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For years, we've followed the golden girl.
Sienna Miller smiles from magazine covers. She dominates the red carpets. She's a regular on gossip website TMZ.
And she's suffered, so prettily, the burden of her fame: The humiliating break-ups laid bare in the press.
The blow-back from careless interviews.
The "homewrecker" catcalls in the blogosphere.
The shame of topless photos, caught on vacation, all over the tabs; all the horrible invasions of privacy.
Right about now you're thinking: "Who's Sienna Miller again? Remind me why I'm supposed to know her?"It's OK! There's absolutely no reason you should know who she is, not even if you're a religious follower of the celebrity press that tracks her so closely.
She's an actress, but odds are you've never seen a single one of her movies.
Miller's fame is of the kind that is disconnected from the star's success in the field for which he or she is ostensibly famous.
Sienna Miller is not famous. She is famesque.
Famesque is not the paradox of the unlovable A-lister - the Nicole Kidman types who win all the awards but lose the hearts of the multiplex.
It's not the quandary of the shrinking star (Ricky Martin), gossip-bait still on the strength of a few decade-old monster hits.
The famesque are distinct from their has-been cousins who extended their run via reality shows or the train wrecks (Lindsey Lohan) whose detour from genuine fame is compelling because they had it and blew it.
The famesque of 2009 are descended from that dawn-of-TV creation, the Famous for Being Famous.
Turn on a talk show and there'd be Zsa Zsa Gabor, Dr Joyce Brothers, Charles Nelson Reilly, so friendly and familiar and - what was it they did again?
But the FFBF always seemed to know how marginal they were - that was their charm.
And they never, ever made the cover of People.
The truly famesque possess the seeming gravitas that comes with a title and the suggestion of a job - actor, singer, pro-athlete.
It's just that ... you've never seen them act, or heard them sing, or watched them play.
Instead: You read about them. A lot.
There was a time when the growth of our worldwide round-the-clock entertainment-news industry was gravely threatened by the fact that there weren't enough legitimate celebrities to power it - until the famesque stepped in to fill that market niche.
They single-handedly saved TMZ's business model.
Because, hey, it's not every day Mel Gibson gets drunk and insults a cop.
So: Sienna Miller, the most famous obscure art-house film star in history.
The celebrity press often drops the name of a star's most recent or biggest project to remind you who they are.
For Miller, it's Factory Girl (2006), in which she starred as drug-damaged '60s scenester Edie Sedgwick.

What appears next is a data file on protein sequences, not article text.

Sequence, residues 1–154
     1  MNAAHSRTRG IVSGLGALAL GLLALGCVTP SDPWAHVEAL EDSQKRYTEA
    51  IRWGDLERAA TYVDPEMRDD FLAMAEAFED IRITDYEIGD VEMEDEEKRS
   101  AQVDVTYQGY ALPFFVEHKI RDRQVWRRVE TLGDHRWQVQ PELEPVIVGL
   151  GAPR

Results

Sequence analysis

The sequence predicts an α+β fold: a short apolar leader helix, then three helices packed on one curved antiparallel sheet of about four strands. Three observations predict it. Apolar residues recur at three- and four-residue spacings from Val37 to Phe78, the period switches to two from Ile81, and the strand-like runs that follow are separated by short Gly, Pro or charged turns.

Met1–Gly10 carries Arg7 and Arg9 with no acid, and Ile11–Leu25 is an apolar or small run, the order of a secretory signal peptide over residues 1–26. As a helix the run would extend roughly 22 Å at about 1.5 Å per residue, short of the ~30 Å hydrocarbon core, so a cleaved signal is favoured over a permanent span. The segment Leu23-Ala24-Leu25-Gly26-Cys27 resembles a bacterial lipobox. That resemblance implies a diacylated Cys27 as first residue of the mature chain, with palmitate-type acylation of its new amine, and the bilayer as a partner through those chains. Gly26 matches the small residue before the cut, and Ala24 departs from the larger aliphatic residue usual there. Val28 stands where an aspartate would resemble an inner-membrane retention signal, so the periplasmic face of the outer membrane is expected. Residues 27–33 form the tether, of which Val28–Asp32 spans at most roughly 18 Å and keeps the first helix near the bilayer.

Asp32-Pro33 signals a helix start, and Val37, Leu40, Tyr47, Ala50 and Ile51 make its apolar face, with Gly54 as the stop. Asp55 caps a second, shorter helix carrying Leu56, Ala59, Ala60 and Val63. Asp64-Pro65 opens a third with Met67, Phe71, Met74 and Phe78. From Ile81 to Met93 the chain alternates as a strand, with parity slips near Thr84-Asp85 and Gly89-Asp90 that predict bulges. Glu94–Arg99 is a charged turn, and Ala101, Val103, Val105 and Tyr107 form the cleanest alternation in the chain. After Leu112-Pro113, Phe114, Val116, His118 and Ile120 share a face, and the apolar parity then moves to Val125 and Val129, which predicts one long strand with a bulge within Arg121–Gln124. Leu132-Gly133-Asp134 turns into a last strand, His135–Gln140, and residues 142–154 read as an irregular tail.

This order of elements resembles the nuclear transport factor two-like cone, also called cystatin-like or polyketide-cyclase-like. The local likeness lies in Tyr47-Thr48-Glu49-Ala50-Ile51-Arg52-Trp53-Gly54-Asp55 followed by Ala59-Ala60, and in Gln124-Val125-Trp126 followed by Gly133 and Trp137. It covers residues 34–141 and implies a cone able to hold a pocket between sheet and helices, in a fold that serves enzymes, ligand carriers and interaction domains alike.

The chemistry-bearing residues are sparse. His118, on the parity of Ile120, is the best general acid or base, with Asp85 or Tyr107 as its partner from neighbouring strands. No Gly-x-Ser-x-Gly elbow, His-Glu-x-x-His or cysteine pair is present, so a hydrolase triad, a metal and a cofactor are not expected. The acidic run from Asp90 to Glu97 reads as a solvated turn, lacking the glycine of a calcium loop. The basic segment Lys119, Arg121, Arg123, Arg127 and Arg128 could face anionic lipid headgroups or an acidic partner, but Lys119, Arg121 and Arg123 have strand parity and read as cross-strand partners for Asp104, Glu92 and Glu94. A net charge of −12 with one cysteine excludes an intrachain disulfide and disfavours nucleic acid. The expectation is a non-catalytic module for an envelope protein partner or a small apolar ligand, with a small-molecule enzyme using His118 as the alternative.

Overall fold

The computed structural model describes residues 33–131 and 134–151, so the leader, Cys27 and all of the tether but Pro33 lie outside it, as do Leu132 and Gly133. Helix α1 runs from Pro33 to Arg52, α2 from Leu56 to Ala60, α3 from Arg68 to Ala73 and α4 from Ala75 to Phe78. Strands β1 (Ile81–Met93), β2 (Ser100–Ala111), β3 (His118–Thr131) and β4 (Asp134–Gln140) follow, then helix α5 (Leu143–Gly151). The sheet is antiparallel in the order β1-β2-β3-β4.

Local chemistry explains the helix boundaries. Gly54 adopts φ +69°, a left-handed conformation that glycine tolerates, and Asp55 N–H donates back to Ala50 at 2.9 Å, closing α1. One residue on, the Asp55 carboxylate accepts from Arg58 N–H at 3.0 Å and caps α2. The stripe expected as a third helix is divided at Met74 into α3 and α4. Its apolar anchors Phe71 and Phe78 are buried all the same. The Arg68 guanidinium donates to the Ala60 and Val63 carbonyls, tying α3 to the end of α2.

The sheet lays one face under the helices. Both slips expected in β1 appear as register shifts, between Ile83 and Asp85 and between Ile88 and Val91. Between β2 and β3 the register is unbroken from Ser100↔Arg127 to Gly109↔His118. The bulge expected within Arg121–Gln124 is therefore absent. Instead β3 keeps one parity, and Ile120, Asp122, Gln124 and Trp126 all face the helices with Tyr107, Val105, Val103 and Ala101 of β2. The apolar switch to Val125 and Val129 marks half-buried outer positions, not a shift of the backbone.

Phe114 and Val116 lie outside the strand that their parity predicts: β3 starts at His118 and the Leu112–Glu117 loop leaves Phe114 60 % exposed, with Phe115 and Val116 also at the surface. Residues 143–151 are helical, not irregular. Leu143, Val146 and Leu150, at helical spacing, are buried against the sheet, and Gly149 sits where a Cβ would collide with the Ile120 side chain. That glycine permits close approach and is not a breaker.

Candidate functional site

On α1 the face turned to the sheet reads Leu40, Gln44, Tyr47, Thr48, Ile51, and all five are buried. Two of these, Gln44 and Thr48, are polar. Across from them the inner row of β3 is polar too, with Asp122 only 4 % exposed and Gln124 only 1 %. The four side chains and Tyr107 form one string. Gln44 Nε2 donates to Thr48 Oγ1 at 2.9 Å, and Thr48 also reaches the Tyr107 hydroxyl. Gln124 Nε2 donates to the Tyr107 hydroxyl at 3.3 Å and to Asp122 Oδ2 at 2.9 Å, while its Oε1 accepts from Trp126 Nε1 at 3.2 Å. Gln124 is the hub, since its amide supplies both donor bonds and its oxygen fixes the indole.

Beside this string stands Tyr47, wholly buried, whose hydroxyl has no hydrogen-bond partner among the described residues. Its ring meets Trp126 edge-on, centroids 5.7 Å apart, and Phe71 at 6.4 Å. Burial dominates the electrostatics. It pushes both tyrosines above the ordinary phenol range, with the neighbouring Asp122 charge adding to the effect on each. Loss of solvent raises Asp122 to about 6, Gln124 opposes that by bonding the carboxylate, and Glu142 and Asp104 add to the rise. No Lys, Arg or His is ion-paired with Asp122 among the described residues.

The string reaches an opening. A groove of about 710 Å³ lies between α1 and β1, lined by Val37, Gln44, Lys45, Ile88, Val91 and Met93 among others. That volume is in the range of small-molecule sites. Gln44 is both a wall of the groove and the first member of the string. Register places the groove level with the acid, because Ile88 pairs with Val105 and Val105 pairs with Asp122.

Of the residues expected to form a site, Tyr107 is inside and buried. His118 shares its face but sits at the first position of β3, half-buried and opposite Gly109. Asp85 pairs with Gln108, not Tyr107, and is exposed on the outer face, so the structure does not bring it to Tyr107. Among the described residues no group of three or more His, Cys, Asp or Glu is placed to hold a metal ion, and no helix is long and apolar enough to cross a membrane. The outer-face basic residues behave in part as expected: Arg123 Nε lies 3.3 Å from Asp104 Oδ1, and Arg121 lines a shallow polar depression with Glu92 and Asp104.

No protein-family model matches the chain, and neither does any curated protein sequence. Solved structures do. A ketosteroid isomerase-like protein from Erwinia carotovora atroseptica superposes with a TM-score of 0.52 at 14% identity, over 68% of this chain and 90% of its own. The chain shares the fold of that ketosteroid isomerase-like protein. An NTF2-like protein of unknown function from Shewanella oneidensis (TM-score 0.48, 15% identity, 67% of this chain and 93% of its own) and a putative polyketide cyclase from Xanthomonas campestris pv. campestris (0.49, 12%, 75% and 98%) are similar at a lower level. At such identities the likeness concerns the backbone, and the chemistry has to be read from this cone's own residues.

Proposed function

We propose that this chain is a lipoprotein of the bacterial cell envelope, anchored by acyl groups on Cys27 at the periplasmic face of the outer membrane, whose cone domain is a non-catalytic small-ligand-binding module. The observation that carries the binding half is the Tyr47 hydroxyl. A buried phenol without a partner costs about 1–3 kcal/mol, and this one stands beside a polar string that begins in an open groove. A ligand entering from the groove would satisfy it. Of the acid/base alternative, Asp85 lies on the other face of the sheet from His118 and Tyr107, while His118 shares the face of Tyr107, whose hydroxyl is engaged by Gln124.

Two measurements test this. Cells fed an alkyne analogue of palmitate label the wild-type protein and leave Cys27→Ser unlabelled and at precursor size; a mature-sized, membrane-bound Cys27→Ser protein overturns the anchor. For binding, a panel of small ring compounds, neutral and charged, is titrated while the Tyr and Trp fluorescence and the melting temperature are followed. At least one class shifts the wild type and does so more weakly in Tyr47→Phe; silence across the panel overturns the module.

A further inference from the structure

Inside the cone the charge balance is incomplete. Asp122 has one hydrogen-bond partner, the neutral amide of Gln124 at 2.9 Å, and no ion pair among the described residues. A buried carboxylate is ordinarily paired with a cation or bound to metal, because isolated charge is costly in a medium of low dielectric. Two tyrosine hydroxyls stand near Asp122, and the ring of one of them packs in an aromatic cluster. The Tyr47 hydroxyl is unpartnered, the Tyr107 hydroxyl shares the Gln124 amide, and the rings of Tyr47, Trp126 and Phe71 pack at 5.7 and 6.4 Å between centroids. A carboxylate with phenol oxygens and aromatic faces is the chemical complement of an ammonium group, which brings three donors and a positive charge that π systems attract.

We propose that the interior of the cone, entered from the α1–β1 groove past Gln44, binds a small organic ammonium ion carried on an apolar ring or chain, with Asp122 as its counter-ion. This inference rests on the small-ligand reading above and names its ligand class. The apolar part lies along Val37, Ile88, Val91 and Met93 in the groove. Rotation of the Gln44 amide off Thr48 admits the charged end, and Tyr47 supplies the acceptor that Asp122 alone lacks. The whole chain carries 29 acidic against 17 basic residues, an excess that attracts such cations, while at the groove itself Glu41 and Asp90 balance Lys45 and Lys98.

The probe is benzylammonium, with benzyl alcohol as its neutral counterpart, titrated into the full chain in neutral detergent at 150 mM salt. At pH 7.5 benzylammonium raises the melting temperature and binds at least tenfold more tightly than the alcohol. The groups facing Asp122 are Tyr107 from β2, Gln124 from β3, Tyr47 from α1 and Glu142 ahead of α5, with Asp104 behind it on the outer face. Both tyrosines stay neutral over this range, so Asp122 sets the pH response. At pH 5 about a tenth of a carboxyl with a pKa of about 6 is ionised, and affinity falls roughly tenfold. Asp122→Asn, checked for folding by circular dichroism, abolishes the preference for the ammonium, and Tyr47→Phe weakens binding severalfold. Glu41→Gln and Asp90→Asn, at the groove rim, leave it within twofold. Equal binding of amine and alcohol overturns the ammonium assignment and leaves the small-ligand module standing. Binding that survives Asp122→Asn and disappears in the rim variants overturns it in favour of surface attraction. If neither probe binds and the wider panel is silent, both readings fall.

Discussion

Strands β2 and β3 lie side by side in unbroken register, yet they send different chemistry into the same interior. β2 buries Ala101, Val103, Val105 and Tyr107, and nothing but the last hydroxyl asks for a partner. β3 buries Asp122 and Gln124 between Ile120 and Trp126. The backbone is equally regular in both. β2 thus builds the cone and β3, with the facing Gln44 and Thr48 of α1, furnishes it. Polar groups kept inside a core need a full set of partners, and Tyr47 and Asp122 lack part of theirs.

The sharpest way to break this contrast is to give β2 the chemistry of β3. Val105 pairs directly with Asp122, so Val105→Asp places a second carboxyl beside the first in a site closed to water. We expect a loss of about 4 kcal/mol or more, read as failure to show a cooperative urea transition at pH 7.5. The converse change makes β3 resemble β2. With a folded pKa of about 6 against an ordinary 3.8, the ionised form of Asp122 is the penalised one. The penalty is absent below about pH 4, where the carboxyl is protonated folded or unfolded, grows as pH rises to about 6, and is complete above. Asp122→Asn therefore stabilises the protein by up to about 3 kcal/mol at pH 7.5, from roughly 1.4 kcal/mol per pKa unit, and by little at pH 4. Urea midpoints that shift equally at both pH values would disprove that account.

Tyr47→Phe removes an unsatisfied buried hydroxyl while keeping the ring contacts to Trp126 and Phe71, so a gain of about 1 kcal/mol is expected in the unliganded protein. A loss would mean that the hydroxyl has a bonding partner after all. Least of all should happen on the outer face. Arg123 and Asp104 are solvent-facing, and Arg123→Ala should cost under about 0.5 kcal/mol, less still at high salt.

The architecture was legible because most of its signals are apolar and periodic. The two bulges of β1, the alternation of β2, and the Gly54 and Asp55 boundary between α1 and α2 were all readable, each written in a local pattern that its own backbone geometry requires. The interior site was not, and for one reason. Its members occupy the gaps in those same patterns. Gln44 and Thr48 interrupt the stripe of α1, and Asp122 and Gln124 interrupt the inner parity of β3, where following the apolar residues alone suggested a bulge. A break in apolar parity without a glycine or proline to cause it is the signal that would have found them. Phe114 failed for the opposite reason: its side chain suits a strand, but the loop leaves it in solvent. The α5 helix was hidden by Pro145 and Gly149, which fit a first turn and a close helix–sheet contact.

You didn't see it, right? It made only $US1.6 million in US theatres.
Miller's biggest-grossing movie was the fantasy-adventure Stardust, in which she was billed about sixth or seventh behind Michelle Pfeiffer and Robert De Niro.
Not that you saw that one either: It made only $US39 million, not a lot for that kind of thing.
Then how'd she become so famesque?
Us Weekly news director Lara Cohen, who says she's been with the magazine "since the era of Bennifer One," says it started with being incredibly photogenic.
Maybe five years ago, Miller had one big hit film in the UK (Layer Cake, in which Daniel Craig starred and Miller played a relatively minor love interest) and a lot of buzz.
"So we were seeing a lot of photos of her. But she was interesting as a style icon in a way that Jordan or some of the other British celebrities were not."
(We don't know who Jordan is either.)Miller gained momentum, Cohen says, with her knack for "no-holds-barred, watch-your-mouth interviews".
As during the filming of The Mysteries of Pittsburgh, when Miller, interviewed by Rolling Stone, slammed her host city as "[rhymes-with-Pitts]burgh".
Says Cohen: "It was the most publicity that movie got". (It grossed less than $US100,000.)And Miller harnessed the power of celebrity dating, where "one plus one equals four," Cohen says.
Take Posh Spice, whose union with football star David Beckham catapulted her to heights poor Sporty and Scary could never climb.
Miller became famesque by dating actor Jude Law, then really famesque when he cheated on her with the nanny - to the point that she was the one who made Balthazar Getty famesque (even though he's the one with the hit TV series, Brothers & Sisters) when he reportedly left his wife for her for a while.
But Miller's groundbreaking famesque is threatened.
She stars in G. I. Joe: The Rise of the Cobra, a big dumb movie now playing on thousands of movie screens.
By now it's possible that millions have seen Sienna Miller on the big screen.
What happens then? Will we lose interest? Will she stop saying provocative things or dating messed-up dudes? (Cohen's not worried: "She has a really great publicist. One of the best in the business".)